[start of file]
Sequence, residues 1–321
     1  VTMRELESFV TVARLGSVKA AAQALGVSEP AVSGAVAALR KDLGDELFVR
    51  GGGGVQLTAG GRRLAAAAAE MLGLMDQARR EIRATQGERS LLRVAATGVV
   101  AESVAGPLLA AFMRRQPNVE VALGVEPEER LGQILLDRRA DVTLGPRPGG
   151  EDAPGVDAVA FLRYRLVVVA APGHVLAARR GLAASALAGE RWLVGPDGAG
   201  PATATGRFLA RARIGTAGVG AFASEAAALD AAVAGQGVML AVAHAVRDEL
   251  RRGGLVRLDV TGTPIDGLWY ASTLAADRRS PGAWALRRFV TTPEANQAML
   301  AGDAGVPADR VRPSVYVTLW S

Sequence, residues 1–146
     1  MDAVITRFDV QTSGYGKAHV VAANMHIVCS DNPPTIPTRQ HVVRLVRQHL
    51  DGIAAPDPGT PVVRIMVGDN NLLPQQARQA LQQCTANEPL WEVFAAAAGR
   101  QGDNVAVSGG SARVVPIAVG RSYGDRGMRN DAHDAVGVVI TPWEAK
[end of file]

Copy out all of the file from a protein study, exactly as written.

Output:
Sequence, residues 1–321
     1  VTMRELESFV TVARLGSVKA AAQALGVSEP AVSGAVAALR KDLGDELFVR
    51  GGGGVQLTAG GRRLAAAAAE MLGLMDQARR EIRATQGERS LLRVAATGVV
   101  AESVAGPLLA AFMRRQPNVE VALGVEPEER LGQILLDRRA DVTLGPRPGG
   151  EDAPGVDAVA FLRYRLVVVA APGHVLAARR GLAASALAGE RWLVGPDGAG
   201  PATATGRFLA RARIGTAGVG AFASEAAALD AAVAGQGVML AVAHAVRDEL
   251  RRGGLVRLDV TGTPIDGLWY ASTLAADRRS PGAWALRRFV TTPEANQAML
   301  AGDAGVPADR VRPSVYVTLW S

Sequence, residues 1–146
     1  MDAVITRFDV QTSGYGKAHV VAANMHIVCS DNPPTIPTRQ HVVRLVRQHL
    51  DGIAAPDPGT PVVRIMVGDN NLLPQQARQA LQQCTANEPL WEVFAAAAGR
   101  QGDNVAVSGG SARVVPIAVG RSYGDRGMRN DAHDAVGVVI TPWEAK